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K.C. Wagner

K.C. Wagner speaks to a staff member after a forum on workplace harassment.

This year, Teachers College has begun giving employees more direct education on the legal and ethical responsibilities surrounding workplace harassment, offering a two-hour training session titled "Promoting Mutual Respect and Preventing Workplace Harassment." The session is led by K.C. Wagner, Director of Workplace Issues at the Cornell School of Labor Relations.

The program has been overseen by TC's Office of the President, Diversity and Community and its director, Janice Robinson, but it grew out of the discussions among a committee of administration and staff, including Interim Dean William Baldwin; Jim Mitchell, Director of the Office of Residential Services; Robinson; TC Ombudsperson Erwin Flaxman; Academic Computing's Stacey Thomas; Curriculum and Teaching's Michelle Hill; Julie Cohn, Manager, Human Resources; Hank Perkowski, Associate Vice President and Controller; and Diana Noriega, Program Coordinator in the President's Office of Diversity and Community. The program is a continuation of work that led to training sessions on the Family Educational Rights and Privacy Act (FERPA).

Robinson believes that workplace education efforts must address harassment. "We want to empower people to make sure their environment is a good one," she says.

The committee decided to make the sessions about harassment in general, and not just sexual harassment, "because those were the needs of the community," Robinson says. "In addition to issues of sexual harassment, people had been taking about gender discrimination, as well as racial and other bias activities that were going on. We decided to find a trainer with the expertise to combine all of that in a single curriculum."

They found that in Wagner, a 24-year veteran of promoting inclusiveness in the workplace. The Office of Diversity and Community worked with Wagner to develop TC-specific background and scenarios to use in the session.
Robinson hopes the seminars give all members of TC's faculty and staff a fresh perspective. "It's important that supervisors know they have an additional responsibility to ensure their unit is free from harassment, and it's important that everyone realize that it's not just upper management's responsibility to create a harassment-free workplace. Everyone has a responsibility to participate."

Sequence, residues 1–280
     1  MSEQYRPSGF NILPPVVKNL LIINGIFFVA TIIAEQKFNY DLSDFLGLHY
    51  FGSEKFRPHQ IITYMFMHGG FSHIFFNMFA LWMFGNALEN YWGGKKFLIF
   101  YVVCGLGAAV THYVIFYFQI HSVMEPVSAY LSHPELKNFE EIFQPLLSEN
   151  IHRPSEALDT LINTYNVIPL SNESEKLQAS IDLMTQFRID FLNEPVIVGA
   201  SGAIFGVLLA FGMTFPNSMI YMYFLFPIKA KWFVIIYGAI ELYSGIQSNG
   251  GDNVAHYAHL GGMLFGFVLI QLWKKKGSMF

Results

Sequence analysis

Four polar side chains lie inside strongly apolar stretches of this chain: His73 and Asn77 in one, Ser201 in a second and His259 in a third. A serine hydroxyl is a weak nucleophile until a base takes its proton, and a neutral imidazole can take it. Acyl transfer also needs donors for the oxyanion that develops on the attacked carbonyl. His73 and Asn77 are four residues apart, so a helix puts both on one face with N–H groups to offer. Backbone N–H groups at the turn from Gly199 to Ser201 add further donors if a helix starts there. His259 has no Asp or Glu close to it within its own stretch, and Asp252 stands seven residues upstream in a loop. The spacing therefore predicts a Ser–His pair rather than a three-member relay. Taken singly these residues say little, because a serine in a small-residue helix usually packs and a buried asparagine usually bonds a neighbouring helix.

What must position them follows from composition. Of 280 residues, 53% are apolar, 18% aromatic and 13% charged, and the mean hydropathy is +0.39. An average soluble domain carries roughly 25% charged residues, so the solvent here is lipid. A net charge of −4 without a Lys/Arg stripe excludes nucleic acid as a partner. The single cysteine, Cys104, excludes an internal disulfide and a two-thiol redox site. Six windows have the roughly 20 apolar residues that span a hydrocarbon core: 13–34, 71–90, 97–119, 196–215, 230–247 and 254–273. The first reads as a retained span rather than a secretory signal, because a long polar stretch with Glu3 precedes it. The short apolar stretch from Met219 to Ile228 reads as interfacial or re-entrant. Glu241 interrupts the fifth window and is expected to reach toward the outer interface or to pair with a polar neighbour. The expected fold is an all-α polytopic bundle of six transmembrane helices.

Flaxman hopes the sessions give people the confidence to raise complaints about harassment without fear of reprisal. "Do they feel comfortable in initiating a complaint? Do they feel protected enough in the process? Do they feel that action would be taken, and would they have assurance that the situation would not be repeated?" he asks. "These are things we must ensure."

He believes that the seminar will shed light on aspects of harassment that people hadn't considered before. "For example, the distinction between intent and behavior is surprising to people. They say -'I didn't intend to do that,' but legally it's the outcome of the action that matters."

Robinson says evaluations from the sessions have contained very positive feedback, "which is kind of astounding for a mandatory training."

The committee is now preparing for how to build on these seminars. Robinson sees Web-based training in the future for existing employees, with required participation in on-site training for new employees. The Human Resources Office, under Cohn, will take a larger role in these sorts of sessions in the future and is now creating a long-term strategic plan for professional development at TC.

Meanwhile, Robinson says, the sessions on harassment should "improve the way we work and improve our community. Yes, it's a little about the law, but mostly it's about how we get along together."
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